Sep 15, 2011 Walt Shepperd Uncategorized
State Assembly Member Sam Roberts schmoozed the nearly full house at the Common Council Chambers last week, mostly gathered to express support for the Ida Benderson Senior Center they attend regularly on Salina Street between Fayette and Washington. The meeting of the Council’s Parks Committee had been called to formally announce the Center’s closing, although the buzz had been out for weeks.
“The complexion of this issue is changing,” Roberts said, noting that his tongue was in his cheek. “You can’t slam the mayor for doing what she had to do. She loves us all. It’s not just about Ida Benderson. It’s about Southwest Community Center and the Boys and Girls Club.” But as the crowd began to call out questions, Roberts quipped, “This is not my thing, not my building. I don’t want to get thrown out.”
As the meeting progressed, two separate worlds emerged in the building, with some committee members clearly sympathetic to the Benderson seniors’ calls to keep their center open. The mayor’s Chief of Staff Bill Ryan and Parks Commissioner Baye Muhammad sat resolutely, insisting the administration’s proposal to merge the Benderson folks into the Salvation Army’s senior program was a done deal.
“We’re not closing the center,” Baye maintained, “we’re just shifting it down the street.” (The Salvation Army center is at the southern end of downtown, just past the old Central Tech High School.) “It’s a better situation.” Ryan noted there was no item in the coming city budget for the exorbitant $120,000 rent perpetuating a sweetheart deal struck during the Alexander administration.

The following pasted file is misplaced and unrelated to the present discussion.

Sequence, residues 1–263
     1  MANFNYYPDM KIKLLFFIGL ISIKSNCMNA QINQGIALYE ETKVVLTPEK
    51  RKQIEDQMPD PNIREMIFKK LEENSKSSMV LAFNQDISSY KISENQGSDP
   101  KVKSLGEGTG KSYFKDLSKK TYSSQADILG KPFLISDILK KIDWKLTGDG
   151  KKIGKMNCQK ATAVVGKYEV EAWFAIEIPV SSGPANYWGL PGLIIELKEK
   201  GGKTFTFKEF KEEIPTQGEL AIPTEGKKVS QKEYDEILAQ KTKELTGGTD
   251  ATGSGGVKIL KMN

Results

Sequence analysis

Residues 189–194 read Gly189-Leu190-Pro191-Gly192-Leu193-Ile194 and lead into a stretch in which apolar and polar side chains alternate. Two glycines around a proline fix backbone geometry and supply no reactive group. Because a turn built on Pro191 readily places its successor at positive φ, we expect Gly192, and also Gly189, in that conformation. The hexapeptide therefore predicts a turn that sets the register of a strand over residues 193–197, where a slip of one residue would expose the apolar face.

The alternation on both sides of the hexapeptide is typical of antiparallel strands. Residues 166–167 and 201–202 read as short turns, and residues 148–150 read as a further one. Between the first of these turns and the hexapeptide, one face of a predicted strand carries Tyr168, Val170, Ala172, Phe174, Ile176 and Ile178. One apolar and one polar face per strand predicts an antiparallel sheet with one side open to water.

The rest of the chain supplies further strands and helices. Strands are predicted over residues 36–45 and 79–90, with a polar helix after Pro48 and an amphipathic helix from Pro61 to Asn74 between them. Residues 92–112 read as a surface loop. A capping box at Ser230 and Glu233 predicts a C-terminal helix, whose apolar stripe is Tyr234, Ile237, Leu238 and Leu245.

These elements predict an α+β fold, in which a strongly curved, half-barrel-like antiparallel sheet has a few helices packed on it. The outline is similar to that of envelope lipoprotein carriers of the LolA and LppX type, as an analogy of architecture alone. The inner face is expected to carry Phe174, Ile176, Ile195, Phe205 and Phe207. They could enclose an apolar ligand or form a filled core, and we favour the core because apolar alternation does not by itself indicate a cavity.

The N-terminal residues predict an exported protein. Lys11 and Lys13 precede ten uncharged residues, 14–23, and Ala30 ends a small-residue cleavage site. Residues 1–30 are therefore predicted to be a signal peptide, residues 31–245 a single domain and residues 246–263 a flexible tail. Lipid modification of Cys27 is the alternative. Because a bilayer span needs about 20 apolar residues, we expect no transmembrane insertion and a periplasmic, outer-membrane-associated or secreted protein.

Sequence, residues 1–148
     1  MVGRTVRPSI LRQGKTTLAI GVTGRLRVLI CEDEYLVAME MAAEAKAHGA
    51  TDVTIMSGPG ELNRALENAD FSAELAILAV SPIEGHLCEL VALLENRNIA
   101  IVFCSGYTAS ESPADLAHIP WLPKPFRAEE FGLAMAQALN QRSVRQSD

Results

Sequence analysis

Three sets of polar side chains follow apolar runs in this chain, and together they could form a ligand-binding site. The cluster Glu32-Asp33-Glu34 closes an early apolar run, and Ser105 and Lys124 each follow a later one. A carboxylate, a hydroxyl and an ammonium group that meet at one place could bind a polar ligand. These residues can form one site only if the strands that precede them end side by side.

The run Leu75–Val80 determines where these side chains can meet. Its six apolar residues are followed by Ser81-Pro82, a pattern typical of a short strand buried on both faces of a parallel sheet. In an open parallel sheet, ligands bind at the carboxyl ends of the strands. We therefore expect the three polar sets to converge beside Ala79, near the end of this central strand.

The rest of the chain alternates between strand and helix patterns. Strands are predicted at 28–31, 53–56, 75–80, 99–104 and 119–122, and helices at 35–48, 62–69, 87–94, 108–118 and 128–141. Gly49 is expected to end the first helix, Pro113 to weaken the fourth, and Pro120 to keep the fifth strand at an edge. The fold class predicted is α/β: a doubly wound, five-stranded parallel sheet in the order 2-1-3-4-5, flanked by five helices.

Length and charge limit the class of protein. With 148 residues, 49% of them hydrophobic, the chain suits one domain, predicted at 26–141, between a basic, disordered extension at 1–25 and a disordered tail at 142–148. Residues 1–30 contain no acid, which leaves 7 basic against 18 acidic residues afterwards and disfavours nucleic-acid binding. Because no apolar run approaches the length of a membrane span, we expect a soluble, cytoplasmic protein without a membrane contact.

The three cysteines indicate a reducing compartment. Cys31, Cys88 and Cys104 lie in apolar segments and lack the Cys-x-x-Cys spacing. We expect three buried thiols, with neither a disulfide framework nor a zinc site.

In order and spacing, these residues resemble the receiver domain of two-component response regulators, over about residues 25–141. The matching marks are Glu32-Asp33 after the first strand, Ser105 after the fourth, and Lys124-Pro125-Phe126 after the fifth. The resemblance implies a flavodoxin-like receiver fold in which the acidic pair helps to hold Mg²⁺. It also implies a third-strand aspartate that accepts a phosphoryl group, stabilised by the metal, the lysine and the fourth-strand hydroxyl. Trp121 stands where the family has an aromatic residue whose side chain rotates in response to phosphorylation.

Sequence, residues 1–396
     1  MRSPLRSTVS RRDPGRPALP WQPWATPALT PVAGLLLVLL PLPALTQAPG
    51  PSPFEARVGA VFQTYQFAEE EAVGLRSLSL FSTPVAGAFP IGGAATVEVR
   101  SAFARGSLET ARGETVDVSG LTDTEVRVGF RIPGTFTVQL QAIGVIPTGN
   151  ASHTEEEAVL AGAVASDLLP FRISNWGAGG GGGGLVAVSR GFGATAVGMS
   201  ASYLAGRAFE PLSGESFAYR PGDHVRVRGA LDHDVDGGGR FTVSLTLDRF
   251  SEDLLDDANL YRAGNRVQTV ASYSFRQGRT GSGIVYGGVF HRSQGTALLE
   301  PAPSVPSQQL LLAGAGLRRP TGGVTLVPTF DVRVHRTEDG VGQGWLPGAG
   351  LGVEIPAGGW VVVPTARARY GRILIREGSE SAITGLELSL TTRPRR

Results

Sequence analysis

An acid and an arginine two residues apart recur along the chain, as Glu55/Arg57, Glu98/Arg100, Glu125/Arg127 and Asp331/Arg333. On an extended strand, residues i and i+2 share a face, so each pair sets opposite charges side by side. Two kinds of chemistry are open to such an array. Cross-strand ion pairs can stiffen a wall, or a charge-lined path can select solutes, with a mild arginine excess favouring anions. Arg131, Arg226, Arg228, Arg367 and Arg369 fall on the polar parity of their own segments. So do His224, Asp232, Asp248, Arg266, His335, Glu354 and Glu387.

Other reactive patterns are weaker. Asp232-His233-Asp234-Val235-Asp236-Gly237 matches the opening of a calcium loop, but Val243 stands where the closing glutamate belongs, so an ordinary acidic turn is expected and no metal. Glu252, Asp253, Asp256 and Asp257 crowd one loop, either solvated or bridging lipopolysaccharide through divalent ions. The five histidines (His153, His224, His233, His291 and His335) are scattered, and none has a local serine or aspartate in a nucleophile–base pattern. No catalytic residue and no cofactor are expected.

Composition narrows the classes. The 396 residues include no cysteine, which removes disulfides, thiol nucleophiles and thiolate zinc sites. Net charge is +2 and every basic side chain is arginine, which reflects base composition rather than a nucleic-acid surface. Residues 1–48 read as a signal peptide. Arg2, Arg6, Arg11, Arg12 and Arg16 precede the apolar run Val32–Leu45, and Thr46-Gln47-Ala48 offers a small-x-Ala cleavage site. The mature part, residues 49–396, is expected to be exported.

Ryan also established that the center would be closed no matter what the result of a Council vote (now postponed) on whether to approve the proposed collaboration with the Salvation Army, prompting Councilor Nader Maroun to ask, “Why are we going through this charade?” Councilor Pat Hogan, who represents many of the Benderson seniors, said he was “very disturbed” by a process that didn’t attempt to involve his constituents.
Councilor Lance Denno asked if money were available would it keep the center open. Ryan said, “No.”
Valerie Woods reflected that her mother was in the Salvation Army program, which was “safe and caring and clean,” but that she knew the Benderson Center to be safe, caring and clean also. She worried, however, that putting 200 people in a space designed for 75 might hurt the services her mother is receiving.
As the meeting ended, a senior waved a handful of yellow pages, calling out, “I’ve got 300 names on a petition. Will it do any good?” Maroun responded with a repetition of his charade reference. The Council Parks Committee has scheduled another meeting to discuss the Ida Benderson Center issue for Wednesday, Sept. 21, at 10 a.m. at City Hall.
More on less taxis
The folks at CENTRO say their Common Center will be gone from Fayette and Salina, re-established at the new hub being constructed at Salina and Adams, before the fencing knocking out the traditional downtown taxi stand will be removed. That means the new stand, two blocks north between Washington and Genesee will remain for the duration. They also say there has been no space allotted for a taxi stand at the Adams Street location.
Walt Shepperd is a weekly columnist with The Eagle.